This is Dan Gallagher with Veteran’s Viewpoint.
Let’s begin with this premise: The reason that veterans were initially called to military service was to defend our nation’s liberties from an enemy--or enemies--whose goal was to destroy those freedoms; and to defend, sustain, or advance our nation’s principles and interests.
Now, I’m not claiming veteran status qualifies us as foreign affairs experts, nor can it be used as evidence that our knowledge of military matters surpasses our non-veteran peers. Ultimate wisdom is not necessarily a bonus that war gives us.
But I do think that the veterans' willingness to serve has earned us a hearing, and that the experience that turned us into veterans gives us an insight about war--what leads to it, what it’s like to fight a war, and what its residual effects might be.
Therefore, based on that belief, as a war veteran I offer this opinion about our pending use of force in Syria:
“DON’T DO IT, MR. PRESIDENT!”
Our proposed action there is impractical in so many ways, and opens the door to escalation of an already
too-horrible and too-ominous situation--not only in Syria, but throughout the Middle East.
From a practical standpoint: How do the planners of air strikes to deter gas attacks propose to pull it off?
Are we going to attack the depots where the Sarin gas is stored? Dumb idea; that would simply release it into the ether to kill anyone down wind.
Do we attack the plants that make the gas? Do we really think we could destroy them with any thoroughness without inflicting countless ‘collateral damage’, that is, the deaths of non-combatants? Surely Assad has prepared for possible attacks by hiding and moving the stored gas and the factories that make it, likely blending those sites in with the civilian population so that even the most surgical of air strikes would bring civilian death and destruction.
Are we going to attack Syria’s political or military leadership? Do we really believe that that will end the problem, that there will not be others ready to assume command with just as evil a policy as those before? And if the ones who have used this gas believe that their end is nearing, do we not understand that they would not hesitate to use it again--to ‘go out in a blaze of glory’, so to speak?
And from the purview of world politics, diplomacy, and our own long term interests: While recognizing that Assad is a murderous thug--an S.O.B.--do we really believe that the rebels whom we might be helping are any more our ’friends’ than he? Dream on!
Didn’t we learn from the debacle in Iraq that our efforts to ‘government-build’ simply de-stabilizes the region where we seek stability?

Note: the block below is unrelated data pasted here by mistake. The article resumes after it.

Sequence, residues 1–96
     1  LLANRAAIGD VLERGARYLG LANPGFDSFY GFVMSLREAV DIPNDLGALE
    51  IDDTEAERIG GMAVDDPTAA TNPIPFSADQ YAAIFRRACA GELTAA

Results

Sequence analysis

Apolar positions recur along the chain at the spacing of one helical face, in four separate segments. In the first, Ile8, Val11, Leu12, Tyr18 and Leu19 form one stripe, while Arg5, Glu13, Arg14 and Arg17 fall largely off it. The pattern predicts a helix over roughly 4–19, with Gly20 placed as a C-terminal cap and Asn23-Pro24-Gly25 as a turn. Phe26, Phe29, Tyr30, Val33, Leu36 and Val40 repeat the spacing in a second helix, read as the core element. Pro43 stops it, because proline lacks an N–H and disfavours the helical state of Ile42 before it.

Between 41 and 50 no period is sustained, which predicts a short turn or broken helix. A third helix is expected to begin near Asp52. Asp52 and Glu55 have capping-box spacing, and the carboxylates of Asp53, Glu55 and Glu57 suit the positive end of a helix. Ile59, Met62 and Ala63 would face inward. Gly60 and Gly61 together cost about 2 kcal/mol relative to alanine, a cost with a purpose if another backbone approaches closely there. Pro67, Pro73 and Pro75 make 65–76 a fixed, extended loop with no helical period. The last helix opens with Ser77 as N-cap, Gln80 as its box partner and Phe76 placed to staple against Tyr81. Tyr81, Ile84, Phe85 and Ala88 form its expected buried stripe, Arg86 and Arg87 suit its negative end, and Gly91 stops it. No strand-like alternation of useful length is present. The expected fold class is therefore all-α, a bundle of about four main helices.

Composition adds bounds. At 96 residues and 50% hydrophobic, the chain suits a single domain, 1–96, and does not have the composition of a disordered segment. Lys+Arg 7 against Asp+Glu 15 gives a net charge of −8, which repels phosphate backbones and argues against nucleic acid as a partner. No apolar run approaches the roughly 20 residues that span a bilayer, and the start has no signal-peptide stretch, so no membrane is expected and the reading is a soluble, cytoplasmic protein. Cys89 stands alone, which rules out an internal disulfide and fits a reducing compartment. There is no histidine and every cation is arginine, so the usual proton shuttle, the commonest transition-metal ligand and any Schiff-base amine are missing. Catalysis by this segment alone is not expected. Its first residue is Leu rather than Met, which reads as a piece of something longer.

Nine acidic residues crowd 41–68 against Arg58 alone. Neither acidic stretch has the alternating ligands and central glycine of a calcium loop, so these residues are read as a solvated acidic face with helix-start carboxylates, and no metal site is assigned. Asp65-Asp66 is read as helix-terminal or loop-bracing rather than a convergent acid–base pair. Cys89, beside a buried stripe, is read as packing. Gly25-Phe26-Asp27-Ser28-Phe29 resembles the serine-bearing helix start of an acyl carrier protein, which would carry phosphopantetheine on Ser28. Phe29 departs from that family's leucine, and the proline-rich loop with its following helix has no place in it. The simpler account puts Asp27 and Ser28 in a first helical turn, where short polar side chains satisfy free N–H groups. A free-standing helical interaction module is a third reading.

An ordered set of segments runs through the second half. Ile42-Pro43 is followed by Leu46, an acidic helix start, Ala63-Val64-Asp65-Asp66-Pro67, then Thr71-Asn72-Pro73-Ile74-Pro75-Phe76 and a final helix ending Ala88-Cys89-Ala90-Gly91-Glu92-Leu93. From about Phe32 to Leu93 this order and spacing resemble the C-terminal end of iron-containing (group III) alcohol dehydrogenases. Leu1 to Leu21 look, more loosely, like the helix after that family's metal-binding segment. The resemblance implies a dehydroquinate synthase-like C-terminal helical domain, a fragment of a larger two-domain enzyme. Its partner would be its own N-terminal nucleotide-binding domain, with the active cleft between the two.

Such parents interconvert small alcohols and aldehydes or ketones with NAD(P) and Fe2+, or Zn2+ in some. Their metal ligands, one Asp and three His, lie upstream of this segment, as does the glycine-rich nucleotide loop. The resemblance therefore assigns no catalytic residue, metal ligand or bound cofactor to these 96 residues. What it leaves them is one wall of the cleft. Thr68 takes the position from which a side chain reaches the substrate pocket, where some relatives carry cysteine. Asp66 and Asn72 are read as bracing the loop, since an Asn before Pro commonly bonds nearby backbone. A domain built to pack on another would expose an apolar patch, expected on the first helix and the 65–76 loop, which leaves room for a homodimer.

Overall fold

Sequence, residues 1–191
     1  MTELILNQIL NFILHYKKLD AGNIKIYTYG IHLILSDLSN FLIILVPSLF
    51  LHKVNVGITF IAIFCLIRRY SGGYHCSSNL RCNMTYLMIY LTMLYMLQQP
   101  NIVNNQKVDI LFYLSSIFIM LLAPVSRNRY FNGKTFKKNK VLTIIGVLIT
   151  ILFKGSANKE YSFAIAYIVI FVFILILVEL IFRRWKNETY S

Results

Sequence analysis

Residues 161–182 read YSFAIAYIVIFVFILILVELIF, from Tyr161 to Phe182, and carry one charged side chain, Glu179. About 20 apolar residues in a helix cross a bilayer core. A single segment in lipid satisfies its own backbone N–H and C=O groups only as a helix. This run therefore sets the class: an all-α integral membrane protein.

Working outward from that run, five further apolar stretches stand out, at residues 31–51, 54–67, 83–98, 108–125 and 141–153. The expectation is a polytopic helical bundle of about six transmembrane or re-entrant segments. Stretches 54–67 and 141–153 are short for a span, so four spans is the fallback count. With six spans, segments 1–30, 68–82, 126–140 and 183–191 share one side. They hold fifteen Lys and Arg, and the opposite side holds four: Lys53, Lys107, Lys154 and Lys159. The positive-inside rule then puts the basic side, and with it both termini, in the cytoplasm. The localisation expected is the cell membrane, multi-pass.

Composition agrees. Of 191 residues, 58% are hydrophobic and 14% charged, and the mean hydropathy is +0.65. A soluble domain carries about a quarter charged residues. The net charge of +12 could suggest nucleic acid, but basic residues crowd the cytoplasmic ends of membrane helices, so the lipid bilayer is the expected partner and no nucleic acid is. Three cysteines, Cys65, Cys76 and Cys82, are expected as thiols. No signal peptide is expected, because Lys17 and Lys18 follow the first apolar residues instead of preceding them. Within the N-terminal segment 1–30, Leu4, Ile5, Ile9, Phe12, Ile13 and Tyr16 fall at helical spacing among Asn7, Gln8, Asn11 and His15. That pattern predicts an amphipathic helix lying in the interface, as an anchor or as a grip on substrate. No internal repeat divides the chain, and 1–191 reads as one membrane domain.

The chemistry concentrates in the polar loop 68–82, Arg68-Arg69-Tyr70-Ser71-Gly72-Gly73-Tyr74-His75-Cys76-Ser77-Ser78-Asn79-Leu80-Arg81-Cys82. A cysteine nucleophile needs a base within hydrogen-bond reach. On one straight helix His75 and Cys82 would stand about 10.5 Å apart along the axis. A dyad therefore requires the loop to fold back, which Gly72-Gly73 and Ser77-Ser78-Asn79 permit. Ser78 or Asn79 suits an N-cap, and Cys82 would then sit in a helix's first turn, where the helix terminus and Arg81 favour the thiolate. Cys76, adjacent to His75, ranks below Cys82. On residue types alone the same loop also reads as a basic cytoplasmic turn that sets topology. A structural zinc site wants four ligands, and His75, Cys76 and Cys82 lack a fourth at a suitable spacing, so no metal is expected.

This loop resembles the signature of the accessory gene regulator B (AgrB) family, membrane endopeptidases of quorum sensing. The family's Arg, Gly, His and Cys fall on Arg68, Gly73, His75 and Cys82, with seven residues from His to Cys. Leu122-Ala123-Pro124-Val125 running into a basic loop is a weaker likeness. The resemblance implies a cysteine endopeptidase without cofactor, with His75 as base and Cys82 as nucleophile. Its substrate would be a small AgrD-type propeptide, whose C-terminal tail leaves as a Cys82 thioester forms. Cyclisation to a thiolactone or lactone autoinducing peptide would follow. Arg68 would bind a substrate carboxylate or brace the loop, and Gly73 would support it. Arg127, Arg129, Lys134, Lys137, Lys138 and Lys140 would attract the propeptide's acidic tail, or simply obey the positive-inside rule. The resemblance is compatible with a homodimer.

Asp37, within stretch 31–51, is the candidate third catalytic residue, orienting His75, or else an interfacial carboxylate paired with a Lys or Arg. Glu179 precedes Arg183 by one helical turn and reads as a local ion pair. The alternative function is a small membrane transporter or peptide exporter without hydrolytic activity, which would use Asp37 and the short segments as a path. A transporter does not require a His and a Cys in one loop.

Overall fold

And, frankly, is that our role--or our right?
As a veteran of the Vietnam War, I have reached the obvious conclusion that, while we can and should help in a humanitarian way, the United States cannot intervene in another's civil war without worsening the situation; and we cannot throw our military weight around in a culture in which we are already suspect without doing untold damage to our already-precarious position there.
IN SHORT, AMERICA CANNOT PLAY ’LONE RANGER’ TO THE WORLD!
Tomorrow we will remember the events of 9/11--twelve years ago. Many Americans think of that day as a time in which patriotism returned, but it may be just as true that the day spawned the return of the ’Munich lesson’ , or a rebirth of something akin to the Truman Doctrine pledging to fight our new enemy in every place they chose to go--significant or not.
In a commentary on September 25, 2001--two weeks following 9/11--I talked of the damage that could result from overreaction to the attacks, and warned of the dangers of war fever and ’bubble patriotism’, and how our going to war in the Middle East could de-stabilize that whole region, spilling young Americans‘ blood in the process. And that’s just what has happened in the past ten years.
Are we now on the edge of doing it again?
Finally, and of greatest importance to veterans who, themselves, have known war up close, is this reality: War, despite Clausewicz’ observation, cannot be merely an extension of politics by other means.
Listen to these words: “I know war as few other men now living know it; and nothing to me is more revolting. I have long advocated its complete abolition; as its very destructiveness on both friend and foe has rendered it useless as a means of settling international disputes.”
Those are not the words of some pacifist, or of a Mahatma Ghandi, or even of Czechoslovakia’s embattled World War II and post-World War II leader Jan Masaryk.
No, those are the words of General Douglas MacArthur--and he certainly was no peace freak!
War is not the answer; attacking Syria is not the answer. True, Assad and his ilk are despicable cretins, and deserve the worst. But we can’t bring peace and stability to the world with air strikes and Cruise missiles.
Now, I do realize that I could be wrong in my opinion about this issue, that there may be things about this that I don’t know or comprehend.
But there must be a better way!
And just today I heard talk about possible U.N. supervision in Syria. And, in spite of the U.N.’s flaws, that possibility is at least worth consideration.
The president will talk to us tonight, and I hope he offers us possibilities that make military action unnecessary.
And, now, back to my original premise regarding the veterans’ place in the discussion now before us.
Veterans are not strangers to war, and they certainly do not lack the courage or willpower to carry on the struggle to protect our freedom and our interests. But veterans, perhaps more than any others, know the price of war--of military action--and of its limitations.
So, as a war veteran, I repeat: “Hold off on the air strikes, Mr. President!”
This is Dan Gallagher with Veteran’s Viewpoint.